Before starting on the cake mix, line the bases of your tins with greaseproof paper, and grease both the paper and the sides of the tins.
Pour half of the tonic water into a small, non stick pan and boil until reduced by about half, leaving you with approx 50ml. If you reduce this too far it will become very syrupy and hard to remove from the pan!
Finely grate the zest from two limes, and crush the juniper berries until there are few, if any large flakes. This took me a few minutes in the pestle and mortar.
Now make a standard sponge cake; for a guaranteed good result I’m a fan of the traditional approach. Cream the butter and sugar until pale and fluffy, then add the lime zest and ground juniper berries.
Weigh the flour and sift with the baking powder. Beat in the eggs one at time, adding a tablespoon of the flour with each egg to prevent curdling. When all of the eggs have been added, leave the mixer to one side and fold in half of the flour, and when incorporated repeat with the remaining half of the flour.
Finally, carefully fold in first the reduced tonic water, and then the remaining 100ml of tonic from the bottle in a couple of stages. The mixture will start to fizz as the tonic reacts with the raising agents, so as soon as the liquid is incorporated spoon the mixture quickly into the waiting tins, smooth out the tops and put into the oven.
The mixture browns quite easily, so cook at 150 C in our furnace of a fan oven, probably 170 if yours is less fierce, for 30-35 minutes. (cooking in smaller tins will take less time, check after 20 mins).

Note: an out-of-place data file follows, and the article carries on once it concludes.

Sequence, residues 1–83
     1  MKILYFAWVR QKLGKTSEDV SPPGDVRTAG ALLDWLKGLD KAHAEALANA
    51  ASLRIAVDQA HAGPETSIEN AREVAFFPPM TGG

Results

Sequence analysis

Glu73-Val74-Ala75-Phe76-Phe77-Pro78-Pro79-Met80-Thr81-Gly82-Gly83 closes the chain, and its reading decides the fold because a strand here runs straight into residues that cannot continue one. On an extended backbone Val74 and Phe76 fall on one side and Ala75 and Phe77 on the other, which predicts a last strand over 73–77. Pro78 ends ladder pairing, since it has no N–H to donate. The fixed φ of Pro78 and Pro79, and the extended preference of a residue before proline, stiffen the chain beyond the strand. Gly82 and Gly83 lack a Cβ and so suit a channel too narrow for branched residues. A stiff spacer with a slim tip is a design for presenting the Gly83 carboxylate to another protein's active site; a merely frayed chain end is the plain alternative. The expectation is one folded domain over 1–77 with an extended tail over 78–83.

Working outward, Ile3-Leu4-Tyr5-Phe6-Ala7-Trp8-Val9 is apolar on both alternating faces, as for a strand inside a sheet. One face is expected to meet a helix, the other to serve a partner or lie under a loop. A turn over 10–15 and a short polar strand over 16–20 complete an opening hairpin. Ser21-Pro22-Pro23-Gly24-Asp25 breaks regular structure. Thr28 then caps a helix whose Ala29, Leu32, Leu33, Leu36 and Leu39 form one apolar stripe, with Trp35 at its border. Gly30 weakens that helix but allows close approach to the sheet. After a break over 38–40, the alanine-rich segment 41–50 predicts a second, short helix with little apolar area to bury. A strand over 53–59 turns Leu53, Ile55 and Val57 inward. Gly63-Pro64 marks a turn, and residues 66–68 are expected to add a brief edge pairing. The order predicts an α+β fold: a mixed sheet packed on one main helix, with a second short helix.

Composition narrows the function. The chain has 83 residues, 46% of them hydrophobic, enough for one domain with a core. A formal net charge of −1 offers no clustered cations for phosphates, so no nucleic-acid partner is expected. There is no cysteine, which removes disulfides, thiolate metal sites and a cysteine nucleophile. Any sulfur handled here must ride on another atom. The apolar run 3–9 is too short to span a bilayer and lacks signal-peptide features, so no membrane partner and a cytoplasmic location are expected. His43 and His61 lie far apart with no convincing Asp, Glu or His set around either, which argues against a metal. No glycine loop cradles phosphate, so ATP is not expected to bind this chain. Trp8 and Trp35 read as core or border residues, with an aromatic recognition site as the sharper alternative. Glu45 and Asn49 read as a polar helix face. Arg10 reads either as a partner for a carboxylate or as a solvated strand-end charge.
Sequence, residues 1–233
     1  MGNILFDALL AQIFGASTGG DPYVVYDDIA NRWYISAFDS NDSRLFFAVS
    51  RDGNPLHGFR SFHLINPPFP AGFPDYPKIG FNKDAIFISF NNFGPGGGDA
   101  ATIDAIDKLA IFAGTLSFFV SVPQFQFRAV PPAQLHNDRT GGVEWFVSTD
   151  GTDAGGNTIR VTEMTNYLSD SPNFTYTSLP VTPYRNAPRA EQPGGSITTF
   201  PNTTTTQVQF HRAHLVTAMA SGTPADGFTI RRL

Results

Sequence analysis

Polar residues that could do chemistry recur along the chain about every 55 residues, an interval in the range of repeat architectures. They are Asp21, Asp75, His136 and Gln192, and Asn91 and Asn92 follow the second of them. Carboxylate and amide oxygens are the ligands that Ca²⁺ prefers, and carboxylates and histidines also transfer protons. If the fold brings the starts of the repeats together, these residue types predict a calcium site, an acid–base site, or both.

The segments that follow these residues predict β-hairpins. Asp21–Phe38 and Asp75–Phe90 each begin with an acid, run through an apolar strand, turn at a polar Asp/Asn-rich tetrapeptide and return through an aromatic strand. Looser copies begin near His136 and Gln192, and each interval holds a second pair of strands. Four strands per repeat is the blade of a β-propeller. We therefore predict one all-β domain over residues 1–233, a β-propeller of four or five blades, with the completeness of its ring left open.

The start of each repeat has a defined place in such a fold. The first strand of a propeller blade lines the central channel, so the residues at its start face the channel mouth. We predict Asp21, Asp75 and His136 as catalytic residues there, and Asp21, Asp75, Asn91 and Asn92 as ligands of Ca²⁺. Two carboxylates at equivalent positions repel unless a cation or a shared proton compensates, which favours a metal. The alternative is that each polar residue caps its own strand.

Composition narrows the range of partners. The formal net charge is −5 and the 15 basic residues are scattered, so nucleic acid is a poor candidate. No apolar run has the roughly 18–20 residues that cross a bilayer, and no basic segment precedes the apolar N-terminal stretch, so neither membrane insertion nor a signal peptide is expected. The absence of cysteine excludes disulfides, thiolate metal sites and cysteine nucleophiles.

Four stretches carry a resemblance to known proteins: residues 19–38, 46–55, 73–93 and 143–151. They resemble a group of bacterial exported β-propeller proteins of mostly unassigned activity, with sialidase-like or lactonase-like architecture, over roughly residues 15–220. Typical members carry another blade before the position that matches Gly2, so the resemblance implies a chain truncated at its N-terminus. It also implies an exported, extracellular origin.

Towards the end of the cooking time, make your gin & lime drizzle. Juice the limes which were zested earlier; if you give them a quick minute or so blast in the microwave, until they’re hot but not too hot to hold, it will start to break down the cells inside the lime and mean you get more juice from them. Gently warm the juice with the sugar on the hob, until the sugar is dissolved and you have a clear liquid.
When your cakes are cooked (firm to touch, and starting to come away from the tin at the edges), remove from the oven and place, still in the tins, on a cooling rack. If you have loose bottomed tins it’s worth placing a tray underneath the rack to catch any stray drizzle. Prick the tops of the cakes with a fine-pronged fork or skewer, and stir the gin into the drizzle mix. I find it’s helpful to decant this into a jug at this point, then pour the drizzle over the sponges, making sure the whole top of each cake is covered, and distributing it as evenly as possible between the cakes. Leave the cakes to cool, still in their tins.